The original Geist was the successor to FXpansion's earlier software groovebox, Guru.
It comes as no surprise, then, that Geist2 takes the already winning formula of its predecessor and improves it in enough areas to constitute a must-have upgrade for existing users and an even more compelling proposition for newcomers. Before we get into its new features, let's start with a summary of what Geist is all about...
Ghost is the machine
Essentially, Geist2 is an MPC-style pad-based 'groove DAW', complete with sampling, sequencing and song construction, that runs standalone or as a VST/AU/AAX plugin.
At the top of its hierarchical structure (Global) are eight Engines. These are effectively eight instances of the whole instrument brought together in a single interface, so you can run, say, a drum kit into one, a bass in the next, a set of vocal samples in another, etc. Each Engine houses 64 pads (up from the 16 of Geist), and each pad comprises up to eight stacked sample layers, which can be split by velocity, triggered using round robins, or selected at random.
Every level of the hierarchy (Global, Pad and Layer) can host up to six of Geist2's built-in effects, and has its own mixer, complete with sends to four Global auxiliary effects returns. Live sampling is another key feature, with direct-to-pad recording of external signals or Geist2's own output, and automatic, non-destructive slicing of loops across the pads.
Sequencing of pads is done using a familiar pattern sequencer that stores up to 24 patterns of 1024 steps each and features automation lanes for Volume, Pan, tuning, timing Shift, effects sends and much more.
Patterns can be arranged into Scenes, and strung together as arrangements manually or in real time, making Geist2 a full-on production environment in its own right – albeit one that still can't host other plugins.
The original Geist could be undeniably fiddly at times, due to the awkward disconnect between its inflexible interface and the multi-layered complexity of its architecture.
While the latter hasn't been lessened (nor should it be!) for Geist2, the GUI has been utterly transformed by the transition to vector graphics and Retina/HiDPI compatibility, and the introduction of a muted, more contemporary new look.
Not only is the whole window now freely resizable with no effect on graphical fidelity, but every panel within it can also be stretched vertically and horizontally (to a greater or lesser extent, depending on the individual pane), with pads reshaping to fit, scrollbars appearing as required, and multiple automation lanes now viewable for each pad in the Sequencer.
It's wonderfully liberating and a vast improvement over the previous setup, but we're surprised there's no option to save workspaces for instant recall – big pads for performance, fullscreen sequencer for sequencing, huge mixer for mixing, and so on.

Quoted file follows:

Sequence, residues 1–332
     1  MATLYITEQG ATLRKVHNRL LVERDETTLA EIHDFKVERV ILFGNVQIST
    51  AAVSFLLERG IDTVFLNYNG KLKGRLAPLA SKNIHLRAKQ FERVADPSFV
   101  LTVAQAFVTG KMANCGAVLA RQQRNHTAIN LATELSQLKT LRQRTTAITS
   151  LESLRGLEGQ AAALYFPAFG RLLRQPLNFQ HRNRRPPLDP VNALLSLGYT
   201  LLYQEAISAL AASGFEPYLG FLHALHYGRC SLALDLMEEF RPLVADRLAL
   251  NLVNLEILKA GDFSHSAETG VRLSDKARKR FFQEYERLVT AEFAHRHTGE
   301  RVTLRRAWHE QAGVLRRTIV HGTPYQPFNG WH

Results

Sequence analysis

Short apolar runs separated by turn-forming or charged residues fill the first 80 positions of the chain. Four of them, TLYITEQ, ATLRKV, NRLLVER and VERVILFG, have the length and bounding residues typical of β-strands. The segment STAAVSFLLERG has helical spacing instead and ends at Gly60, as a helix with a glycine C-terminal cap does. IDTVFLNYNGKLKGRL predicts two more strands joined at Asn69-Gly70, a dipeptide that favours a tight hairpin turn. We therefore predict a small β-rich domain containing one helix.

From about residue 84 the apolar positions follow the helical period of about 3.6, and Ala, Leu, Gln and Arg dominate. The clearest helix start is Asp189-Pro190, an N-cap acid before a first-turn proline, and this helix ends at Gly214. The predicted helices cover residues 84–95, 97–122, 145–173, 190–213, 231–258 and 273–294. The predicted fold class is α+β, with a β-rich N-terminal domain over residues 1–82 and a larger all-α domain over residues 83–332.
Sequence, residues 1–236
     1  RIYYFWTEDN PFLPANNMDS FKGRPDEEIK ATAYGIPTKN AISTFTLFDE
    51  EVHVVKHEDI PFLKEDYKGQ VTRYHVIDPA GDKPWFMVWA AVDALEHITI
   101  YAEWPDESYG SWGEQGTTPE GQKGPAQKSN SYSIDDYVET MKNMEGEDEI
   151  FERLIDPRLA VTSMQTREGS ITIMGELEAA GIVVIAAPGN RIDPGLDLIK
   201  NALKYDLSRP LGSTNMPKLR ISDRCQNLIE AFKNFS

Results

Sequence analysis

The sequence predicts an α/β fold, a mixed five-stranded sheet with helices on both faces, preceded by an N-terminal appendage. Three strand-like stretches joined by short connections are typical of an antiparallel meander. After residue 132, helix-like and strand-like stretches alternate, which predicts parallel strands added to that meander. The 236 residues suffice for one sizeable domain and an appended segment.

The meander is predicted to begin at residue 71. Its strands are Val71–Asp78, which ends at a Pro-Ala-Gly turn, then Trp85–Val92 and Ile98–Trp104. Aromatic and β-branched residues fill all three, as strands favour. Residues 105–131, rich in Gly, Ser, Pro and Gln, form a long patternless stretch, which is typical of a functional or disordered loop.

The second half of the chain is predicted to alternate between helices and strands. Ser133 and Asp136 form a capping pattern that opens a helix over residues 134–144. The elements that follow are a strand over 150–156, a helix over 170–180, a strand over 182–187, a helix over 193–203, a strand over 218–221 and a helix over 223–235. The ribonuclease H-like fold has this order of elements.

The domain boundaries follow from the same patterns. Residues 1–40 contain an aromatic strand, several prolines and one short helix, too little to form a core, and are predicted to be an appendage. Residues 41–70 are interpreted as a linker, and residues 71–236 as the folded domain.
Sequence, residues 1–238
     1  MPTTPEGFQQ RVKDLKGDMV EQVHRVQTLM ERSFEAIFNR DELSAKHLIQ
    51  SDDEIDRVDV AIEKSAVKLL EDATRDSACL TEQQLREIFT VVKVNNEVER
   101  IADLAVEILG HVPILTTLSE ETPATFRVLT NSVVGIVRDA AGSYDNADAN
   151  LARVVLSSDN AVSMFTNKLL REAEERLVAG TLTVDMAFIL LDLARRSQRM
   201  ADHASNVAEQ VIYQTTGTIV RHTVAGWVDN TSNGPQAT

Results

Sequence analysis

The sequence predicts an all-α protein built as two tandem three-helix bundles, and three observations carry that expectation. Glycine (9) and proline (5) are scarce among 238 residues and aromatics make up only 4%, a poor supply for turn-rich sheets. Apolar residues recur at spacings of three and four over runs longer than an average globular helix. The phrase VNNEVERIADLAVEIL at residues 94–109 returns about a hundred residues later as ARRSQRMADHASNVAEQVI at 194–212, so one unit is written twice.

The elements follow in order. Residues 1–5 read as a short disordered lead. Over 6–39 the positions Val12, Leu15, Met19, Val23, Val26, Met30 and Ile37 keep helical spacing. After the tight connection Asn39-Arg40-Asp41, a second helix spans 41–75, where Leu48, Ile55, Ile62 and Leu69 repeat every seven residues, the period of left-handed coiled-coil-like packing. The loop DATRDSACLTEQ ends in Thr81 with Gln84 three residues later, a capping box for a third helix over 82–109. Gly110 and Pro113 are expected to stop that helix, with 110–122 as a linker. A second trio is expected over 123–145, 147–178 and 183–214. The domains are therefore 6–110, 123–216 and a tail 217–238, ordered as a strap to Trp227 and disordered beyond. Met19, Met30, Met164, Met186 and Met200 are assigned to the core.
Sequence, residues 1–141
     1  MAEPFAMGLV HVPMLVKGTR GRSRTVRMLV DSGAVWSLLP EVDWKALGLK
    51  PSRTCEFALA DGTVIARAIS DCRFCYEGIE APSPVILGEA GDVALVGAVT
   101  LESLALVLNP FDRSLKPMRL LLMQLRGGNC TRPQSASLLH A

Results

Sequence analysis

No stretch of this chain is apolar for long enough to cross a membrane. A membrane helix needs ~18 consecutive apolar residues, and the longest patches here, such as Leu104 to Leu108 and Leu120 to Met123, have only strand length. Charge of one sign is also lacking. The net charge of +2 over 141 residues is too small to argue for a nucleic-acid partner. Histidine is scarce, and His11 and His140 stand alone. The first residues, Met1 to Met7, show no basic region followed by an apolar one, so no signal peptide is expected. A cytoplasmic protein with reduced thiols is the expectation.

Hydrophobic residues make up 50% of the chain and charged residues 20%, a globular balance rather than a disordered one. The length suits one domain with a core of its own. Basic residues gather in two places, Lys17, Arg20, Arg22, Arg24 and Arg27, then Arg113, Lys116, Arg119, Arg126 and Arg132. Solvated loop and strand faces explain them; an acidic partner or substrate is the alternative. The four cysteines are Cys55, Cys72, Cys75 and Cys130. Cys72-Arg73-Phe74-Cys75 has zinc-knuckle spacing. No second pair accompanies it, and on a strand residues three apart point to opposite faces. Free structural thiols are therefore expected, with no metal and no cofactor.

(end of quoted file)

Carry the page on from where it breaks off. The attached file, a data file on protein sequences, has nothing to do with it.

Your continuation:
A few specific elements have been sensibly relocated, too. The Engine and Global Mixers are now unified, and the previously oversized pattern keys section has been shrunk and moved to the top of the Pattern panel, for example.
More importantly, the Sampler has been greatly reduced in size and prominence from its previous dedicated panel to a pop-out extension of the pad section, with no loss in functionality.
Indeed, it's actually gained a choice of Assign modes for capturing each take to the next Layer, Pad or both, or sending it to the Slicer, which makes the process of on-the-fly kit creation faster and more fun than ever.
Speaking of the Slicer, while it's not seen much change beyond a UI redesign, it's worth noting that it can, of course, distribute its slices across four times as many pads now, making those enormous sliced kits much easier to play and sequence than before.
By far the most significant addition to the Pattern Sequencer is the same independent pattern lane length adjustment that we dug so much in FXpansion's Tremor drum machine. Simply drag the end point of a lane to the left to set its length, generating all manner of polyrhythms as each lane cycles around its specified number of steps.
That's all the headline new stuff covered, then, and to wrap up in the space remaining: Geist2 also now includes the acclaimed Bloom delay and Maul distortion among other effects additions, making 47 modules; Vintage mode emulates the sound of old-school samplers; and as well as all the original Geist content, you also get a whole new factory library of samples, kits and projects.
The price of power
Sitting somewhere between evolution and revolution, Geist2 makes enough changes to feel like a whole new instrument in certain areas and the same groove production powerhouse that we already knew and loved in others.
The new interface and TransMod system are worth the upgrade price alone, but independent pattern length, more pads, improved effects and Sampler Assign modes join them to make Geist2 a dazzlingly powerful tool for any dance, urban and electronic producer – both in the studio and on stage.
It might not be the most intuitive piece of music software around, but what it lacks in immediacy it makes up for in functionality, creativity and speedy workflow.